My hub and I have just become "micro" workers at a large university. I say "micro" since we are each committing small amounts of time for what amounts to micro pay.
In his case, it is a 1/4 time position at a pay grade miles below his last full-time salary. In brief, he will be netting less than 1/10th of his former pay to give them 1/4 of his time during the coming year -- all of course with no benefits.
But hey, it's a job. A nice job, in fact, doing something he finds truly neat, bringing business world methods to academic R&D. So it will keep his resume current while doing some good on both sides.
In my case, the pay is more psychic. I have a nice title, a tiny stipend, and a lot of leeway to shape my flex-time role in a campus lab doing brain science. Technically, I am not a real employee; I have a time-limited fellowship sponsored by an outside entity.
In business, we would call me a consultant. But "senior fellow" will sound nice on my resume too; and like the hub, I have a smalll quixotic hope it might aid in some way with some real pay some day as well. But if not, at least I will learn some interesting things about current-day neuroscience while helping them to communicate.
That may be as win-win as it gets in this frozen economy.
Joining a Wave
We each got our gigs on the same campus at the same time via different routes. He was recruited after judging in a national science fair that put him on the radar at the School of Engineering. I applied for my mine in response to a flyer found on a table after a lecture, and wound up being one of four people picked for a cross-disciplinary program in Psych.
That our offers came around the same time seemed completely coincidental. We did not know when we accepted these posts that we were joining a new wave that already had a name. But, in fact, we are part of a new surge of "Encore" workers filled with Boomers extending careers with new kinds of employment.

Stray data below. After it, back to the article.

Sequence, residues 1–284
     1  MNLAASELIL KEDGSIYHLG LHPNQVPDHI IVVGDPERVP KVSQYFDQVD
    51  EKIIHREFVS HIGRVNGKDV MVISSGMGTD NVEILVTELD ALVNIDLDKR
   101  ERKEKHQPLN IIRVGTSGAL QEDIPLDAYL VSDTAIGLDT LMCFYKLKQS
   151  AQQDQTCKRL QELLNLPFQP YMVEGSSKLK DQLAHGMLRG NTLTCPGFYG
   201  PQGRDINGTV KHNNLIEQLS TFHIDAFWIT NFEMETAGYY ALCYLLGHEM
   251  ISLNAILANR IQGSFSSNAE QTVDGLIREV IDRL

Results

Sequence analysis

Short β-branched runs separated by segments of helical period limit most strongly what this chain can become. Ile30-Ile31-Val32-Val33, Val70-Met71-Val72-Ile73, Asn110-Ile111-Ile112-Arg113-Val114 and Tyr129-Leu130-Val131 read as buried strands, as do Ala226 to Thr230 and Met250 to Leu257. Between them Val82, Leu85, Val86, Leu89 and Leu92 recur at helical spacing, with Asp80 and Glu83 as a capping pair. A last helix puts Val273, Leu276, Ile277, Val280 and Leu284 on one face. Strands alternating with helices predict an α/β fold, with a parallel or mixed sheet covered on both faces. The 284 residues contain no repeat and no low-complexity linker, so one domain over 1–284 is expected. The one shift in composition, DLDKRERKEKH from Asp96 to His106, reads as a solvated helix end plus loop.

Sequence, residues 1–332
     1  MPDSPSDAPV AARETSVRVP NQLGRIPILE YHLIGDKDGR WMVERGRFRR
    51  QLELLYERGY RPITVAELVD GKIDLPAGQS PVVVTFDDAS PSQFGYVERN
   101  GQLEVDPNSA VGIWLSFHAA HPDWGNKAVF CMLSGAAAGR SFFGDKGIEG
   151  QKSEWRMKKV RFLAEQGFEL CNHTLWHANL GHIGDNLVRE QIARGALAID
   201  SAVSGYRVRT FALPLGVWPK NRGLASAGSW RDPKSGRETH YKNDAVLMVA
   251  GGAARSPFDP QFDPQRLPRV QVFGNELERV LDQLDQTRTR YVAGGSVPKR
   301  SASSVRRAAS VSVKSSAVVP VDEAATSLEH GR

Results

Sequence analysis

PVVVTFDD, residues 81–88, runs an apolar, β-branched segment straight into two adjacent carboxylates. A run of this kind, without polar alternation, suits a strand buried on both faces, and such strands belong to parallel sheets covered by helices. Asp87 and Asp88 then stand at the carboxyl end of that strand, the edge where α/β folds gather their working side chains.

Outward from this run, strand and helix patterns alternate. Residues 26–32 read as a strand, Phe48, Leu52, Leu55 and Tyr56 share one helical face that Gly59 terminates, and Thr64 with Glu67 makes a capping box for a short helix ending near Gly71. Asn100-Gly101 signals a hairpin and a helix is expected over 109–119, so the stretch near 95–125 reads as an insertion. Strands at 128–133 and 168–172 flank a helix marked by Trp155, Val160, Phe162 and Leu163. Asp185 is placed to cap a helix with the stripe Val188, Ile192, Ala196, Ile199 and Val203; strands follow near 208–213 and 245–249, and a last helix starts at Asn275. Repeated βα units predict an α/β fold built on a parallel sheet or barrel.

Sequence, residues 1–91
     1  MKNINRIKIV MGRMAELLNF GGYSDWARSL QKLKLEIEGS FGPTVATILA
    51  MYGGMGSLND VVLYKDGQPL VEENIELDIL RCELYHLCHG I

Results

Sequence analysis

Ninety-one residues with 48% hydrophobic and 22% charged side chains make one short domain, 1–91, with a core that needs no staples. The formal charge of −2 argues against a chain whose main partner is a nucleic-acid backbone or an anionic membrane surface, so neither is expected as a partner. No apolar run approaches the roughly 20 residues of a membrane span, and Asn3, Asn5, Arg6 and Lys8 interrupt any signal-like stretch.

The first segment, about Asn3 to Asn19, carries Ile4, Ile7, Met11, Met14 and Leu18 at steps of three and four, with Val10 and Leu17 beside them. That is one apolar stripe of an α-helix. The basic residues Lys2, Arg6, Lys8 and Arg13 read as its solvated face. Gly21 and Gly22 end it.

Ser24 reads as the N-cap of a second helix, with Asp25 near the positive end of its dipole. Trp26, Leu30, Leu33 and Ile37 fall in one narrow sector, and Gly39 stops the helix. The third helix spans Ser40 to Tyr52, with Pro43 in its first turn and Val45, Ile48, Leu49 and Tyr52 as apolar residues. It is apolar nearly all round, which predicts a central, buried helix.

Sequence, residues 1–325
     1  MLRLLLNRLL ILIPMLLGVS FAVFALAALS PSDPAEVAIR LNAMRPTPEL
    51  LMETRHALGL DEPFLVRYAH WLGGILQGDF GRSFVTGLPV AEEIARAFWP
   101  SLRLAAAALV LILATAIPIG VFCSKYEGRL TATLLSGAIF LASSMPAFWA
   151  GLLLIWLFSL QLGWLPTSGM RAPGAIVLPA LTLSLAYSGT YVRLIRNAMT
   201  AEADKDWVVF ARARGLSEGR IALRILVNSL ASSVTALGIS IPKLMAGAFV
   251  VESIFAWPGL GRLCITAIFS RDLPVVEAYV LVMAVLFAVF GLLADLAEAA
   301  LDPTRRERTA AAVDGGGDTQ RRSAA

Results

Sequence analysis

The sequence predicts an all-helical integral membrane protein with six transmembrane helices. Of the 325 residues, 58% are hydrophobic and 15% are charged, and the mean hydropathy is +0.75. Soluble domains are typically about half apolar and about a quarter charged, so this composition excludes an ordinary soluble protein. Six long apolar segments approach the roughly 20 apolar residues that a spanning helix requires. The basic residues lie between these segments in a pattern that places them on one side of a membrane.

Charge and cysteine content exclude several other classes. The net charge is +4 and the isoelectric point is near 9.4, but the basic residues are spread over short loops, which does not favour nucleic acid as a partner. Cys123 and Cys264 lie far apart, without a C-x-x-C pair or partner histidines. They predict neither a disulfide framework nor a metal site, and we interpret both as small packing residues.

Typically, an encore position entails enticing a retiree back into the workforce while gaining the added skills of a veteran worker. But in practical terms, you don't need to be past your 50s. You just need a good chunk of flexible time and a well-seasoned resume with skills that are relevant to the employer.
For a lot of us these days, part about flexible time is no longer an issue.
A potentially win-win tradeoff
I have to admit that taking an Encore post sure seems more constructive than to keep web-surfing the same scarce opportunities being avidly sought by hordes of job-seeking youngers who still have small mouths to feed. If you are, instead, in a phase where the kids are grown and you own your home, you might (in theory) be more willing to accept a fairly low wage if the job is sufficiently interesting.
Not that every such opportunity involves a trade-off between personal interest and personal income. Some Encore opportunites (details below) involve "real" jobs with "real" pay for companies who are increasingly more willing to value seasoned workers for the added dimensions they bring.
How refreshing for all the workforce vets who felt they had been set adrift long before it was time to go fishing.
If you would like to learn more about it, below is some detail about the more active players in this new wave of later life employment.
One of the more active entities in this new wave can be seen at yourencore.com. It represents a network of "retired and veteran" experts who are "providing our clients with proven experience." In their model, the veteran -- or "Expert" -- plugs in at a client company "without the long-term commitment of a full-time employee." Their current matchmaking projects seem to be mostly for scientists in chemistry and biotech, but they also list disciplines such as mechnical engineering, packaging, product design and organization development at the web site. The encore assignments can be as short as one day, or as long as one year, they say. Partner companies include Proctor & Gamble, Eli Lilly, Boeing, and General Mills. Enrollment details can be read here.
Civic Ventures & Encore.Org
Meanwhile, this page at the Encore site has a wealth of information and links related to the Civic Ventures intiative.
If this movement is of interest to you, you might also enjoy this look at parallel efforts back East as profiled in the Boston Globe, and this information from the first Encore Careers Summit last February, as well as this Smart Money article on "Switching Careers at 50" that takes a look at what it takes to live on less in later life.
Me, I am going to spend my Saturday night on the sofa muching a tuna sandwich while I feed my head with a stack of unread research articles.